Kicking off with a gargled bellow (that sounds like the Polish equivalent of "You wanted the best, you got the best!"), BEHEMOTH return with an undeniably awesome album ov deathly epic proportions. It's a natural move into more technical territory, although NERGAL's maintained the thrash-inspired riffs and the self-aware satanism that made Demigod and The Apostasy a blast to listen to. Rather than deliver their odes to Satan and depravity with the self-seriousness of countless Lords of Chaos throwaways, Behemoth make every second of Evangelion sound like a party. If any death metal band in the world is worthy of saluting Dionysus, it's these guys, who chant their praises over the brain-slaughtering opener "Daimamos."
As much fun as Evangelion is, there's never any question that this is music to take seriously. The effortless-sounding riff of first video "Ov Fire and the Void"is balanced by INFERNO's frantic blast beats, which gives way to the whiplash-inducing "Transmigrating Beyond Realms ov Amenti," a song I'd love to hear live if I weren't worried that the pit would kill me. The mighty, relatively slow guitar progressions of "Alas, the Lord is Upon Me" and "The Seed ov I" hint of GOJIRA, and closing track "Lucifer" justifies its name with a sweeping, brutal melody and wailing leads that distinguish themselves from any of Behemoth's previous creations. Not that they've abandoned black metal, as Evangelion's pereptual extremity attests. It's just that this album is Behemoth's third straight artistic breakthrough.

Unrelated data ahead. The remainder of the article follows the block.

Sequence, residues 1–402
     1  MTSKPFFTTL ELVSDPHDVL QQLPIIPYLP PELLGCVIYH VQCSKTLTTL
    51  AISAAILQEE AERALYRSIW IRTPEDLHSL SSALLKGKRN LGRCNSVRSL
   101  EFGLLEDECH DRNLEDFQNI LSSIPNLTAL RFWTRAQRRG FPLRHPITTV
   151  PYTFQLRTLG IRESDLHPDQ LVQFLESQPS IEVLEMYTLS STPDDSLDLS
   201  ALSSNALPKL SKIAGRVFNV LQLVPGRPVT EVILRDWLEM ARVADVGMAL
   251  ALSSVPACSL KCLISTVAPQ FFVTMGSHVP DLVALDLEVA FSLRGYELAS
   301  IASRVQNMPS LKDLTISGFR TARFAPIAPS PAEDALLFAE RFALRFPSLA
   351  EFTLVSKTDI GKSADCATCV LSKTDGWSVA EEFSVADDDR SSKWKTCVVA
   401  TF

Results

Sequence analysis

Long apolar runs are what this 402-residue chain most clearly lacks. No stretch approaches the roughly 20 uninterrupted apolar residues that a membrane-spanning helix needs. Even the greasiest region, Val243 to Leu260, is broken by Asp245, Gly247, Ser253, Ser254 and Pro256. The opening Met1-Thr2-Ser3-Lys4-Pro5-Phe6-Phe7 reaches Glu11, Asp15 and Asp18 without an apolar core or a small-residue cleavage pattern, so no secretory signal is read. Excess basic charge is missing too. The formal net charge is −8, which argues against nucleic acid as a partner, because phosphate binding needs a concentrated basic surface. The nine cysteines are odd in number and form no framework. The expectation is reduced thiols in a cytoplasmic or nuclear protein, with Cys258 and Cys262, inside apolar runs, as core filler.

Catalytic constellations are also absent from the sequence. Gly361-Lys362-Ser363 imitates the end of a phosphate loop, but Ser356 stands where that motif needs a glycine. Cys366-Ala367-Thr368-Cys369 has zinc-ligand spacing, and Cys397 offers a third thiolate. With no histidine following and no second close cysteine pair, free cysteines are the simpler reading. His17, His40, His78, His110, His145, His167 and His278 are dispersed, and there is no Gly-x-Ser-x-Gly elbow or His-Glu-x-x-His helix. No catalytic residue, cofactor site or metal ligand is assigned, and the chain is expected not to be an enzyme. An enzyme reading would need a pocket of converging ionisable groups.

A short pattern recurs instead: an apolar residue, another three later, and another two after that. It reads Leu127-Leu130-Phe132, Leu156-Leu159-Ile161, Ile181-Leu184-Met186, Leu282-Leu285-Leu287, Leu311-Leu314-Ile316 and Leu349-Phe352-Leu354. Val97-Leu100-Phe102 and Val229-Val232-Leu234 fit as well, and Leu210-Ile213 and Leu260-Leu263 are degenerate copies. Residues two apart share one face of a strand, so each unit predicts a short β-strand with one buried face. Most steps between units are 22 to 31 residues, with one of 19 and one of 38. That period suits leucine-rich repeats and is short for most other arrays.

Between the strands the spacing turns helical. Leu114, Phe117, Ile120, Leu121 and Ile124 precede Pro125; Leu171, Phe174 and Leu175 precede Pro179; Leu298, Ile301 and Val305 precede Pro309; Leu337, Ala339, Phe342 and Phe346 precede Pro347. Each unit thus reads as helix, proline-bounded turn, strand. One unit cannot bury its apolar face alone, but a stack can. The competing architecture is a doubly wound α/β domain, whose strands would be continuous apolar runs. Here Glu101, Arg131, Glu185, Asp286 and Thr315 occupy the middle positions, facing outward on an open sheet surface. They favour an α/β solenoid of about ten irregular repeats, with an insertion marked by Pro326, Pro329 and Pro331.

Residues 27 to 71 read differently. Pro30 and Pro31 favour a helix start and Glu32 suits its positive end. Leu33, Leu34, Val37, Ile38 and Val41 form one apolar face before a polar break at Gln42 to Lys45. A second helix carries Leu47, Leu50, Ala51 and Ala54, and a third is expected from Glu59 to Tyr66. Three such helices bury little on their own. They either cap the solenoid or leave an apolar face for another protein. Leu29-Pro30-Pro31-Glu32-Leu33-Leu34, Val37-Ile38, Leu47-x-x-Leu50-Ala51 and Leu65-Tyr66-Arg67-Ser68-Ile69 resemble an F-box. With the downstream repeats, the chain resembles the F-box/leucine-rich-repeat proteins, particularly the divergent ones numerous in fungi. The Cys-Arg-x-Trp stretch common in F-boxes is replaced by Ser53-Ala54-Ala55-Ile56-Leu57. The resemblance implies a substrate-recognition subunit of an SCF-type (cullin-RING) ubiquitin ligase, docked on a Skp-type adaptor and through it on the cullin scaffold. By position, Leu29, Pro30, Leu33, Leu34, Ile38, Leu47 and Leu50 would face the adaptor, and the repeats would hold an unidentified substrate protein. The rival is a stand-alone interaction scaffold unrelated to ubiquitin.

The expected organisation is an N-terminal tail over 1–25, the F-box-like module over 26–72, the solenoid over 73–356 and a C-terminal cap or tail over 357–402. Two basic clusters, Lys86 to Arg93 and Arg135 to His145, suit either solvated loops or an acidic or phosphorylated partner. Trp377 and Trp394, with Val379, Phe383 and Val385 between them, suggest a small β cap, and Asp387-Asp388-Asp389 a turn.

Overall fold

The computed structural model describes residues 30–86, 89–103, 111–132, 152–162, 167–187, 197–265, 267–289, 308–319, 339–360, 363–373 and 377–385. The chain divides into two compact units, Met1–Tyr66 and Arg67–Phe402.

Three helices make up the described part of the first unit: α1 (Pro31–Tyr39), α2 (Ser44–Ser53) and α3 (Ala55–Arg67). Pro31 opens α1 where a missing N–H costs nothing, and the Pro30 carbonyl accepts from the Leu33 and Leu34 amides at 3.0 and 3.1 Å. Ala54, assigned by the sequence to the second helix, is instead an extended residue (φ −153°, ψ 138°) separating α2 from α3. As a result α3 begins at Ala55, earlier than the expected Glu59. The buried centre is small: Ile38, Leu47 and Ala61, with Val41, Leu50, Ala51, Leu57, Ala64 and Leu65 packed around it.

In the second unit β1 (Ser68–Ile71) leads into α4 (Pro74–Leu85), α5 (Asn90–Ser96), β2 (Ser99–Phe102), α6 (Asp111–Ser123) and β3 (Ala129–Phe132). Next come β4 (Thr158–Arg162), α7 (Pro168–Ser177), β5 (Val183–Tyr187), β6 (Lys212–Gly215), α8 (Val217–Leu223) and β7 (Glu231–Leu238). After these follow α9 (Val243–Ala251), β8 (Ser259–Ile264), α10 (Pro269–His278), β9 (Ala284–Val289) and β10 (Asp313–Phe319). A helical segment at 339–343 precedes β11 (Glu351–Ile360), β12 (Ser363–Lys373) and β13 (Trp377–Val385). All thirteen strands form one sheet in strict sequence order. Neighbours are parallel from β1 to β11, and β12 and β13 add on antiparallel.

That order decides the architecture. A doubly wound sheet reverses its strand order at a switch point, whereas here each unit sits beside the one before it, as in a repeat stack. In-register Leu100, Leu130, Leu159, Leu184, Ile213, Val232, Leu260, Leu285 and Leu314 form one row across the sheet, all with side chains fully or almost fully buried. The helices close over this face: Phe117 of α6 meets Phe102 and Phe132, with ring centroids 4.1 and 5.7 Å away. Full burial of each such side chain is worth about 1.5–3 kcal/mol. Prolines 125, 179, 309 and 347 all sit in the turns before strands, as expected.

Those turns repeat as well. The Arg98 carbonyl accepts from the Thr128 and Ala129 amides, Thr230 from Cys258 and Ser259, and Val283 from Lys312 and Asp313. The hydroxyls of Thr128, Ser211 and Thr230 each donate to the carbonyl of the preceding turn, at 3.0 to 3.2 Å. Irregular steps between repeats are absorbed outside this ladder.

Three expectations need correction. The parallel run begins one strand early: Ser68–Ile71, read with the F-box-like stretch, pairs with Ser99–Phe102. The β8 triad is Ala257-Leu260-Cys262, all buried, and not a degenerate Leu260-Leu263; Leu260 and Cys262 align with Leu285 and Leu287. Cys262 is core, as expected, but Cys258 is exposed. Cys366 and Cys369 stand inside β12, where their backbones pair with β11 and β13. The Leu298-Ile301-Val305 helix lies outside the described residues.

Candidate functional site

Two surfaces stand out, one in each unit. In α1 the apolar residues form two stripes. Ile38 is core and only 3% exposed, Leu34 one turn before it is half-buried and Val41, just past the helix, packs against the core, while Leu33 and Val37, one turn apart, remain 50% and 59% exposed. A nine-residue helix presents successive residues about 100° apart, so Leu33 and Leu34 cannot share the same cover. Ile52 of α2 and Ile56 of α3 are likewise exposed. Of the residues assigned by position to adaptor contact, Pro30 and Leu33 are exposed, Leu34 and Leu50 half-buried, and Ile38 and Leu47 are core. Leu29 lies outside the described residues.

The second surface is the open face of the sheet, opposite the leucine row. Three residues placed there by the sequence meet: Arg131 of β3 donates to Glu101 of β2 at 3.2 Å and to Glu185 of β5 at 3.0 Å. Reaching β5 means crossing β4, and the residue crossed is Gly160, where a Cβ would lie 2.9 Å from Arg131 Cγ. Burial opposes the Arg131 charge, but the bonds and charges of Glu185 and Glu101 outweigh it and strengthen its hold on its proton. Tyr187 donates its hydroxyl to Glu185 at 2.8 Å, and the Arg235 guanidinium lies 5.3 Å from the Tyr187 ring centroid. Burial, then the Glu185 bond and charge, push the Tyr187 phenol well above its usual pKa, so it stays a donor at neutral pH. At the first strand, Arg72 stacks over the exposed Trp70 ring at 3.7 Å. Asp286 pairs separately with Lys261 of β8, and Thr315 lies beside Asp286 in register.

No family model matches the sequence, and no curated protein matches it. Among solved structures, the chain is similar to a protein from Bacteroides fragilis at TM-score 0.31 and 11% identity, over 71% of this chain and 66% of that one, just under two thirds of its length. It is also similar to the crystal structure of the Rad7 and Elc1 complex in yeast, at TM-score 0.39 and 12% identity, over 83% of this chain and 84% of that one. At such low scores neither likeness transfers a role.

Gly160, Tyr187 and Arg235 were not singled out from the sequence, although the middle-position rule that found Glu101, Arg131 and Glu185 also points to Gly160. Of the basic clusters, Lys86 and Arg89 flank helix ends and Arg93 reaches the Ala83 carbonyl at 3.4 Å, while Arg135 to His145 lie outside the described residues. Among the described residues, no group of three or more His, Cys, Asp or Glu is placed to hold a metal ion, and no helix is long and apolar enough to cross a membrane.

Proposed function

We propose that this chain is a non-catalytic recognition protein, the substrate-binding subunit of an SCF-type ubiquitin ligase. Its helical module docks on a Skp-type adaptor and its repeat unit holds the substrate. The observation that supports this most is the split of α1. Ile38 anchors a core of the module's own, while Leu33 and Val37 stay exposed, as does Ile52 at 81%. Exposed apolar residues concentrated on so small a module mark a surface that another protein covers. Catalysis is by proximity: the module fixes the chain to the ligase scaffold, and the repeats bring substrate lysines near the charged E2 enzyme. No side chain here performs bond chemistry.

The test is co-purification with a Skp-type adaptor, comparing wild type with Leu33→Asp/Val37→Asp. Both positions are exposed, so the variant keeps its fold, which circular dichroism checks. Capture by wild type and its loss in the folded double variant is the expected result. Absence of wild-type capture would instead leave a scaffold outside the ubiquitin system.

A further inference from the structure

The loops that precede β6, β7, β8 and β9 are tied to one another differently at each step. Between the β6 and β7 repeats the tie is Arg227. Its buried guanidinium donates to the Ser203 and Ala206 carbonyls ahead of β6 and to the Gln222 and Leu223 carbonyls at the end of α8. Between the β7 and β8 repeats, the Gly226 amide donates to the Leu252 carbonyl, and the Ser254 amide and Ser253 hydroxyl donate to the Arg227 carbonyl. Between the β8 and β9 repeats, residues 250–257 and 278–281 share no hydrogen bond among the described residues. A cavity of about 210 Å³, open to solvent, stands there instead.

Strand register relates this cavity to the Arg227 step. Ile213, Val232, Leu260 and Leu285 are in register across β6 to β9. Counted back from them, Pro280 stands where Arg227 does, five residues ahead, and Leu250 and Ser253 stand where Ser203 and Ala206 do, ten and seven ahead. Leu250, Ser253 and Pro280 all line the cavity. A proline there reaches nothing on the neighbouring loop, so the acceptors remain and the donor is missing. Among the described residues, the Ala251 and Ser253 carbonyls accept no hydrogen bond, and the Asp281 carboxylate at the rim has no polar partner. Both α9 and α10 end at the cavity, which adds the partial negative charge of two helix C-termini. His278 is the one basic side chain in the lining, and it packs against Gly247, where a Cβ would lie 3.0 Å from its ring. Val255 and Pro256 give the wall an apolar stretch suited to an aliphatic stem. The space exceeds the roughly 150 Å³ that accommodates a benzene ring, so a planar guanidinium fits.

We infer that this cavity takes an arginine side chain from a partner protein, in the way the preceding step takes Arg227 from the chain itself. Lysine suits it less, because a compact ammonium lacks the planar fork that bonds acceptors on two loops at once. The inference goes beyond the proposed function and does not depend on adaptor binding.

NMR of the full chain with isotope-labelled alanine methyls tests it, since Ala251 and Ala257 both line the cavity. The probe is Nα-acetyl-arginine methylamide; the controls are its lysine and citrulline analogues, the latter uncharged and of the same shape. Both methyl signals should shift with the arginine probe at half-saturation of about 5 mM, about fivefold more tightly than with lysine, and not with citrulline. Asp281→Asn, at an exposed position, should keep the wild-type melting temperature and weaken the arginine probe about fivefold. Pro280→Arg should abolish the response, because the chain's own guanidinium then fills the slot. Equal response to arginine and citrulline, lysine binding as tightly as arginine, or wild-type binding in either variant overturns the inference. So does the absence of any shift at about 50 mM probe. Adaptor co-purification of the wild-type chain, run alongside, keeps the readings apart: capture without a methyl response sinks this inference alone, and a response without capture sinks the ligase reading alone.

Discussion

Four mutilated bibles out of five